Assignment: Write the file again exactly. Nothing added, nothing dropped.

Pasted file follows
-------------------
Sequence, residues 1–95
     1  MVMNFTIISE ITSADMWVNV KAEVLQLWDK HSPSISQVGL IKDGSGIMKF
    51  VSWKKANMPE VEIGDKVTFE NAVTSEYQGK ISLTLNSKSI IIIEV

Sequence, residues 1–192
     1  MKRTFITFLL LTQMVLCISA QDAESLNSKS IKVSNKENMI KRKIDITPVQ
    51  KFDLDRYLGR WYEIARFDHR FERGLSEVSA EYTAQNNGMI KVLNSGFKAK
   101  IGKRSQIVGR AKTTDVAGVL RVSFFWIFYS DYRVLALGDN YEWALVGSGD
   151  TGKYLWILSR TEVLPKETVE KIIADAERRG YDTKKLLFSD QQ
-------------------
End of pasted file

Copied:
Sequence, residues 1–95
     1  MVMNFTIISE ITSADMWVNV KAEVLQLWDK HSPSISQVGL IKDGSGIMKF
    51  VSWKKANMPE VEIGDKVTFE NAVTSEYQGK ISLTLNSKSI IIIEV

Sequence, residues 1–192
     1  MKRTFITFLL LTQMVLCISA QDAESLNSKS IKVSNKENMI KRKIDITPVQ
    51  KFDLDRYLGR WYEIARFDHR FERGLSEVSA EYTAQNNGMI KVLNSGFKAK
   101  IGKRSQIVGR AKTTDVAGVL RVSFFWIFYS DYRVLALGDN YEWALVGSGD
   151  TGKYLWILSR TEVLPKETVE KIIADAERRG YDTKKLLFSD QQ